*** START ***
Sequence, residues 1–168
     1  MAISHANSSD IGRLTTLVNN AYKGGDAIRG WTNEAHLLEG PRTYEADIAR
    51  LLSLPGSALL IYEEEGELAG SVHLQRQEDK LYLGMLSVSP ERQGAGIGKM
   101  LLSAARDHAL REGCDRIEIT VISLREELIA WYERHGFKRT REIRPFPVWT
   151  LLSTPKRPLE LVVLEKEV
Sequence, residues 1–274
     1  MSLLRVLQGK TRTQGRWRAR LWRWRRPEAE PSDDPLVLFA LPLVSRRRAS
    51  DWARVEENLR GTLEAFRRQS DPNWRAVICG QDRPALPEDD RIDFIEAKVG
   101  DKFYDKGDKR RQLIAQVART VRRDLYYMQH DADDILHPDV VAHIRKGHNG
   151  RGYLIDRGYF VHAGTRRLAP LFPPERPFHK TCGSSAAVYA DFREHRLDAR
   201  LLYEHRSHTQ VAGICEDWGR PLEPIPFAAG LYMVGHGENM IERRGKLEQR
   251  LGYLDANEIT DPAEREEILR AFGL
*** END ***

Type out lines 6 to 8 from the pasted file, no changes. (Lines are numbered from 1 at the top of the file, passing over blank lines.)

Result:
Sequence, residues 1–274
     1  MSLLRVLQGK TRTQGRWRAR LWRWRRPEAE PSDDPLVLFA LPLVSRRRAS
    51  DWARVEENLR GTLEAFRRQS DPNWRAVICG QDRPALPEDD RIDFIEAKVG